After an eight-hour day Wednesday and a judging panel deliberation Thursday, the inaugural Hackathon has concluded, and the winners have been announced.
The successful team – who named themselves Team Agriculture – came from a variety of universities and was able to put their study of data analytics to the test. They also receive priority consideration for JP Morgan’s AI & Data Science internship program
Team members included Niklas Tecklenburg from Glasgow University, Athithya Balasubramani from Queen Mary University, Tia Shah from Kent University, and Zhaomian Zhao who recently graduated from Henley Business School.
“It was very interesting as a challenge, based on sustainable development goals to solve a real-world problem which you don’t come across very often in university situations, so it’s very useful,” said Balasubramani. “The world is facing a food and pollution crisis, and diets are going to be impacted. In that scenario, we need solutions like these.”
“While the solution we actually came up with was not practically possible for anyone with dietary limitations, we managed to come up with the most optimized solution in the time allowed,” he added.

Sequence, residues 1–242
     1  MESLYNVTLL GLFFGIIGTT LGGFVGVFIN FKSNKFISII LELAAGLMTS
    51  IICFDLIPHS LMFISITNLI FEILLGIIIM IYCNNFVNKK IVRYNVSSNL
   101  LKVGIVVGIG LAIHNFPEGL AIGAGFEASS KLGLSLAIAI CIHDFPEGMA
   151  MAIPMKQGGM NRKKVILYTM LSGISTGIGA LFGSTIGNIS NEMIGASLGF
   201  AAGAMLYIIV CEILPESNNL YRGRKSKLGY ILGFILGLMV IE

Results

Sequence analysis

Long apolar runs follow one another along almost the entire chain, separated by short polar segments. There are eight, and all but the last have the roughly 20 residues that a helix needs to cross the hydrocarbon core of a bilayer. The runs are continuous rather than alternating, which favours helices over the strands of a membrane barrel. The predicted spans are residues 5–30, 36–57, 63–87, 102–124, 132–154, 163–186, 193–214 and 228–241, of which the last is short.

Team Agriculture used a cost-function analysis in the neural network algorithm, a process that took some time to go through all the possible combinations.
“We had to play around a lot with cost-function to make sure the algorithm works properly, and to make sure you get the best nutrients while minimizing carbon emissions,” said Shah. “It was a really good opportunity to see how data science can be used to solve genuine problems. This is an issue that’s very significant especially in low-income countries, and it’s good to see the possibilities that are out there that also help protect the environment.”
The prize of being bumped up the list of applicants for the JP Morgan AI & Data Science internship program is also an exciting outcome for the students, especially given they are at the beginning of their data analytics journey.
“Being a student from India, it can be hard to get a part-time job while also studying that meets your visa requirements,” said Balasubramani. “Currently I work at McDonald’s in between the hours that I’m studying so if a company like JP Morgan offers an internship, it’s of course very appealing.”
Shah similarly says an internship can open a lot of doors.
“I’m still figuring out exactly what I want to do in the field and it’s obviously very exciting to have the prospect of this kind of internship,” she said. “I’ve been looking into software development and cyber security, as well as AI – this has been a recent interest that’s definitely been heightened by this conference. Even looking around today there are so many interesting things you can do with AI, and it’s nice to see how each area is being used in a real setting, it’s not just theory.”